dtmJobFinish As Date, _
dtmDayStart As Date, _
dtmDayFinish As Date) As Double

Dim dtmDate As Date
Dim lngMinutes As Long
Dim lngMinutesInDay As Long

lngMinutesInDay = DateDiff("n", dtmDayStart, dtmDayFinish)

For dtmDate = DateValue(dtmJobStart) To DateValue(dtmJobFinish)
If Weekday(dtmDate, vbMonday) < 6 Then
If dtmDate = DateValue(dtmJobStart) Then
If TimeValue(dtmJobStart) > dtmDayStart Then
lngMinutes = DateDiff("n", TimeValue(dtmJobStart),
dtmDayFinish)
Else
lngMinutes = lngMinutesInDay
End If
ElseIf dtmDate = DateValue(dtmJobFinish) Then
If TimeValue(dtmJobFinish) < dtmDayFinish Then
lngMinutes = lngMinutes + _
DateDiff("n", dtmDayStart, TimeValue(dtmJobFinish))
Else
lngMinutes = lngMinutes + lngMinutesInDay
End If
Else
lngMinutes = lngMinutes + lngMinutesInDay
End If
End If
Next dtmDate

TimeWorked = lngMinutes / 60

End Function

Make sure you save the module with a different name to the function, e.g.
mdlTimeStuff.

You can then call it, passing the start and end date/time values for the job
and the start and end times for the working day, e.g. in the 'field' row of a
query in design view (all as one line)

HoursWorked:TimeWorked([Available date], [Despatch date],
#06:00:00#,#20:00:00#)

If you try it in the debug window, again as a single line, with your sample
values:

? TimeWorked(#2008-04-02 07:40:14#, #2008-04-03
09:15:21#,#06:00:00#,#20:00:00#)

This returns 15.5833333333333.

Note that date literals must not be in the UK short date format of
dd/mm/yyyy. The US format of mm/dd/yyyy can be used, but I prefer the
unambiguous ISO standard date format of YYYY-MM-DD.

The function does assume continuous time on each day from start to finish,
and does not allow for break time. It also does not allow for overtime if
work starts before 06.00 or finishes after 20.00 on any of the days. It
does, however, exclude weekends from the computation.

Ken Sheridan
Stafford, England

Kevo said:
I am fairly new to Access and cannot use VBA.
I normally use Access to work with quantities only, but I am now trying to
calculate time differences and have become stuck.
I am trying to work out the "actual" time it takes to complete an order.
Using the expression

ateDiff("n",[Available date],[Despatch date])/60

But this doesn't take in to consideration our Working days (Monday to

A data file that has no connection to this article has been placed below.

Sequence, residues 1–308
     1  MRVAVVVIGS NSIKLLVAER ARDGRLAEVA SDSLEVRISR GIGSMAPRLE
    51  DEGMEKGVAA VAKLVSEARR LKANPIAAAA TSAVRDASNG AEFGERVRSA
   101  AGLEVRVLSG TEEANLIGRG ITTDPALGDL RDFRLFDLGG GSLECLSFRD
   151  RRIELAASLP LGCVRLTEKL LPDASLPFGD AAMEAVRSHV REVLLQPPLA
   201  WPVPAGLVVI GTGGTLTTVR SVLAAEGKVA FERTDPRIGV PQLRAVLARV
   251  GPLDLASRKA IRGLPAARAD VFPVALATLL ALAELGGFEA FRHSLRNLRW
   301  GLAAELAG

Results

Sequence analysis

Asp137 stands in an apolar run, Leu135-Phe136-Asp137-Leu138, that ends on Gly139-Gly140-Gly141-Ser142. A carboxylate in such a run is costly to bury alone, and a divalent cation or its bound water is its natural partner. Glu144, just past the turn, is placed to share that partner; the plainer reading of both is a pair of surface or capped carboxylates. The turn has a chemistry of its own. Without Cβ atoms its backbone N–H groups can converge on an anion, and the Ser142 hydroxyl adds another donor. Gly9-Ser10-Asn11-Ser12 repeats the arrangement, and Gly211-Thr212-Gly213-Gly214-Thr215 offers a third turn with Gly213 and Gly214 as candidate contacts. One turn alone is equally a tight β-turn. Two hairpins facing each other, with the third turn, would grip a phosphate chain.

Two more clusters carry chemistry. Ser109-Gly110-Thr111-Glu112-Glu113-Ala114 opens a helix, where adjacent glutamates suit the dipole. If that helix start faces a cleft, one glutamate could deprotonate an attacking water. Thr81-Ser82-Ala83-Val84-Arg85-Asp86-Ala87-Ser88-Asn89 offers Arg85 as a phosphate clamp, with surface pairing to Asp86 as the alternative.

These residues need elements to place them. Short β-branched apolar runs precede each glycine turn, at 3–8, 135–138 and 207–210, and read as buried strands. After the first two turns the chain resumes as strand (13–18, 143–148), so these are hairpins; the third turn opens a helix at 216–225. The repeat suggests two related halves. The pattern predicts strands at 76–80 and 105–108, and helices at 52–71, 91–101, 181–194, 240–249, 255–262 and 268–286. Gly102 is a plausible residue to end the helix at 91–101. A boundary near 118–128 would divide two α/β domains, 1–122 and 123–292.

Friday) or working times (06:00 to 20:00).

Say [Available date] = 02/04/2008 07:40:14
and [Despatch date] = 03/04/2008 09:15:21
I get the answer as 25.6 hours. But the "actual" time is only 15.6 hours.
Some orders can take 5 or 6 days to complete.

I need to calculate the total hours actually worked to complete the order

Best Regards,
Kevo

J

James A. Fortune

Kevo said:
Good Morning Ken,
sorry it took so long to reply but I was out of
the office until now.
I would like to thank you for taking the time to read my post and posting
your great instructions. Very clear and easy to follow.
I have just ran the query and it works fantastically well.
Next time you are in Manchester, a pint (or a Jack Daniels) will be waiting.
Thanks again, Kevin Jackson

I'm glad Ken's solution worked for you Kevo. I liked Ken's solution
better too, but that's bad of me. It's hard for me to push the more
elegant code solutions when I agree with Ken that separate business
rules are worth considering. For holidays, I use holiday functions and
reserve the possibility of using a holiday table on top of that as a
sweeper. BTW, the holiday functions correspond to elegant code , and
the holiday table corresponds to separate business rules. For your
problem, even though my SQL solution was less elegant, it corresponds to
separate business rules, while Ken's solution corresponds to elegant
code. Although the need for separate business rules really depends on
the customer, I will probably gravitate toward a hybrid of the two
ideas. I.e., use elegant code whenever possible, yet have enough
separate business rules to have the customer feel empowered. I will
likely never use the time filter I described because of the vagaries of
time tickets and shifts, but I found it to be an interesting exercise.
Holidays sometimes have their own quirks too. By separate business
rules in Access I mean a table, but I will also be looking at the
possibility of creating a separate business layer in the future.

James A. Fortune